...read more.

This student written piece of work is one of many that can be found in our AS and A Level Probability & Statistics section.

Found what you're looking for?

  • Start learning 29% faster today
  • 150,000+ documents available
  • Just £6.99 a month

Not the one? Search for your essay title...
  • Join over 1.2 million students every month
  • Accelerate your learning by 29%
  • Unlimited access from just £6.99 per month

See related essaysSee related essays

Related AS and A Level Probability & Statistics essays

  1. Data Handling - Planning - I intend to investigate the relationship between the number ...

    t ? 21 IIII 5 18 22 ? t ? 28 I 1 25 29 ? t ? 35 II 2 32 36 ? t ? 42 I 1 39 KS2 maths results Tally Frequency 3 0 4 IIII I 6 5 IIII III 8 6 I 1 Bar charts of results The mode KS2 maths results for

  2. AS statistics coursework - correlation coefficient between height and weight in year 11 boys ...

    61.56 1.73 48 2.99 2304 83.04 1.63 48 2.66 2304 78.24 1.65 54 2.72 2916 89.1 1.56 63 2.43 3969 98.28 1.54 45 2.37 2025 69.3 1.65 59 2.72 3481 97.35 1.60 66 2.56 4356 105.6 1.60 55 2.56 3025 88 1.52 48 2.31 2304 72.96 1.57 54 2.46 2916


    I know this because I replaced the 70 in the formula as 'x' and then worked it out. I can also find the height of people that vary in weight. I will now find the height of a boy that weighs 80kg.

  2. Statistics Coursework

    By using cumulative frequency polygons, I can also calculate the quartiles of the data, which will not only measure the spread of the data but also display the central 50% of the data (excluding the highest and lowest value - interquartile range).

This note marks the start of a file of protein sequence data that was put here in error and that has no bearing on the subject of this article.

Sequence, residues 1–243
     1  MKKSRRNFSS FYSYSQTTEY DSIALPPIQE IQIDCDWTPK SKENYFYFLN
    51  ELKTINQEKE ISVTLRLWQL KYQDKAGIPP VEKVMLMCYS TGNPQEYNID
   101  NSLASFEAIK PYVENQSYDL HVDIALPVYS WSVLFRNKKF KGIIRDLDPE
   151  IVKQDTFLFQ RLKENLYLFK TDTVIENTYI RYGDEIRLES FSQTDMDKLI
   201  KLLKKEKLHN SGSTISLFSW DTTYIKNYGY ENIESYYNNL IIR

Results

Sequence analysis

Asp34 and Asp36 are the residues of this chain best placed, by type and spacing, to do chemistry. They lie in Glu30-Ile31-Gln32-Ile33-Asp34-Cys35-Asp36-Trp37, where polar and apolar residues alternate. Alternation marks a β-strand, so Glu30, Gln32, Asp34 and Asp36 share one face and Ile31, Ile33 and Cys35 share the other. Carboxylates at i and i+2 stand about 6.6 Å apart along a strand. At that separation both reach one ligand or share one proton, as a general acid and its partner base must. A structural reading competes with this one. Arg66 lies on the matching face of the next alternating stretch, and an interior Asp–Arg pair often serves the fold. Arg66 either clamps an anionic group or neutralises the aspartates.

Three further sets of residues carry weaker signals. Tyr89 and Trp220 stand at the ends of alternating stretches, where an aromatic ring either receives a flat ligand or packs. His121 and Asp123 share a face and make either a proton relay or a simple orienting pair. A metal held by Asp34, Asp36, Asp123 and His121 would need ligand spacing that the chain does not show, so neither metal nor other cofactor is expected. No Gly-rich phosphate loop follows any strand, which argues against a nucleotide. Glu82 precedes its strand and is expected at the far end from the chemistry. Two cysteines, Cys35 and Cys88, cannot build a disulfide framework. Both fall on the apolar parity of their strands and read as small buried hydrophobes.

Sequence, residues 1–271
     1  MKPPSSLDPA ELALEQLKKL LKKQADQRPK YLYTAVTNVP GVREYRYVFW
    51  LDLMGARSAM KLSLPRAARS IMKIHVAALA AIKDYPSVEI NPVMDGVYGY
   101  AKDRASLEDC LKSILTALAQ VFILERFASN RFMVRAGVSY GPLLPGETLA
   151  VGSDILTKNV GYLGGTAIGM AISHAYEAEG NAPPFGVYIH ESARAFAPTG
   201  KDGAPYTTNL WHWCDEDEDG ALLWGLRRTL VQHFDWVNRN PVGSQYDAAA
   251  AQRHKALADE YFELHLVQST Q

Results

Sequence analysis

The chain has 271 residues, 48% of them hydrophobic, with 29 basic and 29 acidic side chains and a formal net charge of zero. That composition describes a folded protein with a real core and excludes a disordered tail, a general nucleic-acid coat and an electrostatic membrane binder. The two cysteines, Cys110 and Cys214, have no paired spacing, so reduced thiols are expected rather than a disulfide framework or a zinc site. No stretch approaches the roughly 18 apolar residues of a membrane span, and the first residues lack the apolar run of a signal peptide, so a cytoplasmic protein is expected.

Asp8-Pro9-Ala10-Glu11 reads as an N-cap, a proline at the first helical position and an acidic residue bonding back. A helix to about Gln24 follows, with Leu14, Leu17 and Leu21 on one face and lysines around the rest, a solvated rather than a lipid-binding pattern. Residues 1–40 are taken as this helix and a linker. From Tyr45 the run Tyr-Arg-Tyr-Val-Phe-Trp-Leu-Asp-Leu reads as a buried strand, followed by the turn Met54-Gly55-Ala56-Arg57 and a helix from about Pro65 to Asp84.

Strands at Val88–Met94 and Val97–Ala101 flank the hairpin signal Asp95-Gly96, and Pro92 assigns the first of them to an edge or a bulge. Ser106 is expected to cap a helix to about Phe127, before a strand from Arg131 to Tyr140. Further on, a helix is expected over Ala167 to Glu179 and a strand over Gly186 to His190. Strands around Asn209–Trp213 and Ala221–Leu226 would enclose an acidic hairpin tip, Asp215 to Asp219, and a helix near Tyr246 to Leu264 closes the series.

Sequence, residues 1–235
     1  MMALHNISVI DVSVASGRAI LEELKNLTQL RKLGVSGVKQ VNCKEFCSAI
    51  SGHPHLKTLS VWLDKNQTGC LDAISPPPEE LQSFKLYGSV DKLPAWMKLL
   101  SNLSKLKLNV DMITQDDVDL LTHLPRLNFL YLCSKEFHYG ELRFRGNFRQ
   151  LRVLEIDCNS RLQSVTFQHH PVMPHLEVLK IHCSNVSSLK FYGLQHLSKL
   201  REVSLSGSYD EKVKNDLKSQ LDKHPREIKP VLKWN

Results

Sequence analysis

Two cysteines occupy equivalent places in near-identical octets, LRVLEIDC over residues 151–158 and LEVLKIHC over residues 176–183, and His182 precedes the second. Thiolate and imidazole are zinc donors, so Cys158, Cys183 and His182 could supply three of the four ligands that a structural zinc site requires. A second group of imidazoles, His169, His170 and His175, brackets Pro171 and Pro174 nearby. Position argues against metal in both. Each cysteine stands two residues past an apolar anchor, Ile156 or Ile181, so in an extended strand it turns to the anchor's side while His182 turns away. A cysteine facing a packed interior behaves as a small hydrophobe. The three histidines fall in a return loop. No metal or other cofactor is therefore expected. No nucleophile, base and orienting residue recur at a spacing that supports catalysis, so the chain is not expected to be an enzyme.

1. Used Cars - What main factor that affects the price of a second hand ...

    d d2 39 3 36 1296 35 17 18 324 41 2 39 1521 20 8 12 144 4 22 -18 324 44 4 40 1600 27 6 21 441 25 15 10 100 13 21 -8 64 6 23 -17 289 2 27 -25 625 11 31 -20 400

  2. Design an investigation to see if there is a significant relationship between the number ...

    If a smaller degree of accuracy was used, it's possible that very large errors could be made. I am unable to use a greater degree of accuracy due to the limitations of the range of equipment available to me. However, by using this degree of accuracy I am limiting the

  1. Estimating the length of a line and the size of an angle.

    This is because if I had too much sheets with the data on it could get lost easily and it would be quite difficult and confusing to compare both year 10 and year 11 results. So if it is only on few sheets one for each year of the length

  2. Statistics coursework

    Therefore I decided to complete another cumulative frequency graph but with the cumulative percentage of the sample instead of simply the cumulative frequency. This way I will be able to see the cumulative frequency as a percentage of the whole strata so strata size doesn't affect my results.

  • Over 160,000 pieces
    of student written work
  • Annotated by
    experienced teachers
  • Ideas and feedback to
    improve your own work